Ichais usually spared the young that she turned.  Given them their while to adapt to the pains of feeding, or the lack thereof.  If this was any other case, she would have apologized through her teeth and been gone by now, but she couldn’t, because she saw how he looked at Estha.  He saw his own blood on Ichais’ lips, but he could smell Estha’s stronger.  The honeysuckle within her veins, the liquid sugar and syrup that covered his stained glass floor, wasted, pumping, beating, still very much alive.  And when she thought of Estha this way, he heard it, and began crying out for the master who had turned him to feed him, to give him power, to hand him the girl’s heart still full, and that Ichais never could do.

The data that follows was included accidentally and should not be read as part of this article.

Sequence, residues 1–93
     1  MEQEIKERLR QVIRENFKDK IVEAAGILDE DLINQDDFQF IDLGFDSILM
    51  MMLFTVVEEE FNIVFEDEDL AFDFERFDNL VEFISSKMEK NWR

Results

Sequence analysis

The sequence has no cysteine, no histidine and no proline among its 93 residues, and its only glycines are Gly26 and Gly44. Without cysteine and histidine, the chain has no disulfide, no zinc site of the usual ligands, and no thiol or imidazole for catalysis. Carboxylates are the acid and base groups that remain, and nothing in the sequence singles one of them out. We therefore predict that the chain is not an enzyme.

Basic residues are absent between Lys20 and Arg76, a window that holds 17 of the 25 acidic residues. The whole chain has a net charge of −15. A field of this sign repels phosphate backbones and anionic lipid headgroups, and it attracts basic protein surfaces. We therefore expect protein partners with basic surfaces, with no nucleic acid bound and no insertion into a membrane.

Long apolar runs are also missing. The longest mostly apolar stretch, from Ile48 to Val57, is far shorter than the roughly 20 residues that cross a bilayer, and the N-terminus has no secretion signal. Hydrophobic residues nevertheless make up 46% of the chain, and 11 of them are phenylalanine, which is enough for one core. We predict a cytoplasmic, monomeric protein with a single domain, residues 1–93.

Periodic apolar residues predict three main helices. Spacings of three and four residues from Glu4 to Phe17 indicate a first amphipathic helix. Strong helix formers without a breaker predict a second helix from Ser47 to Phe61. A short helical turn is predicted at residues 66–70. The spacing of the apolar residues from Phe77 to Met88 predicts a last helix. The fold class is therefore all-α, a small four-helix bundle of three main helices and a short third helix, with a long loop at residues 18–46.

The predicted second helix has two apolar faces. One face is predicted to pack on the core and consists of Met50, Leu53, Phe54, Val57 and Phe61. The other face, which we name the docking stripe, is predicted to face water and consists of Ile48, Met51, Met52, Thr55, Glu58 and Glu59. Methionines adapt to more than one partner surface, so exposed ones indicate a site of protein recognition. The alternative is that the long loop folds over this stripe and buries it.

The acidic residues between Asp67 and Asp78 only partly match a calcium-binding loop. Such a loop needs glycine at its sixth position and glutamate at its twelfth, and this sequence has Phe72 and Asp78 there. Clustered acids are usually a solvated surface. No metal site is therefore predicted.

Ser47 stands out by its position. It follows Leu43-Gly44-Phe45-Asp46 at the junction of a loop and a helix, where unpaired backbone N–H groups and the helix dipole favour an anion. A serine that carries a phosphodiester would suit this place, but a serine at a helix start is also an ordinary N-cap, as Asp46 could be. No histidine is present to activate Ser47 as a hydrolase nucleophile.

“Lucky you,” he said, his voice still taunting despite the obvious strain, “You get your pet all for yourself.”

“She’s not my pet.”

“No?” he said, the sweat clogging his pores, face blistering and tongue swelling like a sponge, “Then are you hers?”

    “If I turned you, preacher, I can end your life too.”

    He raised his hands in cunning defense, “It’s a simple question.  Are you hers?”

    “No.”

    “No?  Can you not here her thoughts too?”

    She never listened into Estha’s head, she never listened to many thoughts, it drove most baobhan insane very quickly, but now she did.